Illinois lawmakers have decided that medical marijuana should be made available to anyone with an opioid prescription, but the bill now awaits a signature from the governor. Several other states across the country are turning to medical marijuana in this time of an opioid epidemic that is causing tens of thousands of people to die every year. Illinois medical marijuana program isn't as large as many had expected with only 38,000 patients, compared to the 5 million opioid prescriptions filled last year. Lawmakers hope that by expanding the medical marijuana program they can help people stop abusing addictive and deadly opioids. While some are concerned about substituting one substance for another, many have acknowledged the high death toll from opioids every year, to the literal non-existent death toll associated with marijuana.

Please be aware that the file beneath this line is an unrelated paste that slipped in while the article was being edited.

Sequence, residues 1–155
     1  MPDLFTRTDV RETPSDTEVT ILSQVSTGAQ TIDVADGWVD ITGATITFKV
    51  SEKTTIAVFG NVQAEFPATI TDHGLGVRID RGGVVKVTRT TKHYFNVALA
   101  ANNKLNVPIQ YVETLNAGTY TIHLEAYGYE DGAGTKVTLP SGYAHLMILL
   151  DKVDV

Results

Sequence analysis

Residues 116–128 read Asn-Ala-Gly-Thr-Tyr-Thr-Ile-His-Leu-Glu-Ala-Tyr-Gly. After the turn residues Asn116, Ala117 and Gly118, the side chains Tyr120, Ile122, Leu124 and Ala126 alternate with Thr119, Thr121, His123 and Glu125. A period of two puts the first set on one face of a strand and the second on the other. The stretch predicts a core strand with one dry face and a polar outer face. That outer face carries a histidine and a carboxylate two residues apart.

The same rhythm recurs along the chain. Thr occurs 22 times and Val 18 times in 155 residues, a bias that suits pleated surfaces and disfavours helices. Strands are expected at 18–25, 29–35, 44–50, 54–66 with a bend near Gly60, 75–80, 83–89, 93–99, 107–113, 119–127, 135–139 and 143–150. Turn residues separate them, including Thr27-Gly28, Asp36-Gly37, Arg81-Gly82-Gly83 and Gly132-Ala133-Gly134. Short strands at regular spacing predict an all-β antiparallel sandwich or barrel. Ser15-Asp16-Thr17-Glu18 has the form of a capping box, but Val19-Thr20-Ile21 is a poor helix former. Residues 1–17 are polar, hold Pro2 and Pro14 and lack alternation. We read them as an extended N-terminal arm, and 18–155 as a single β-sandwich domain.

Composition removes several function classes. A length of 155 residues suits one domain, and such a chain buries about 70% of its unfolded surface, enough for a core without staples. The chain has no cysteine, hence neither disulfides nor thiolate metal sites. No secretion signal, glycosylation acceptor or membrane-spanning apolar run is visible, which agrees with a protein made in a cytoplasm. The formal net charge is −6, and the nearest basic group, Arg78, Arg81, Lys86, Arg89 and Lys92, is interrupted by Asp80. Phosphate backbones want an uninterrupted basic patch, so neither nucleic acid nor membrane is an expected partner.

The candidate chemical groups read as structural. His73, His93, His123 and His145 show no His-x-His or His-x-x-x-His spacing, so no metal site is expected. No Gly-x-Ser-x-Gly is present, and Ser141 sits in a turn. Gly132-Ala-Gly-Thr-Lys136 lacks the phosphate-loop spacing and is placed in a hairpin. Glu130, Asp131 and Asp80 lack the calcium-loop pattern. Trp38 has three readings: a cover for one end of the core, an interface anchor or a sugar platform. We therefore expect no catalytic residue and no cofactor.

“Opioids and heroin is killing scores of people. No one has died from overdose of cannabis,” said Harmon, who agrees more research on marijuana is needed. But he said the drug’s Schedule 1 classification, which means it’s considered highly addictive and has no medical use,presents challenges to scientists.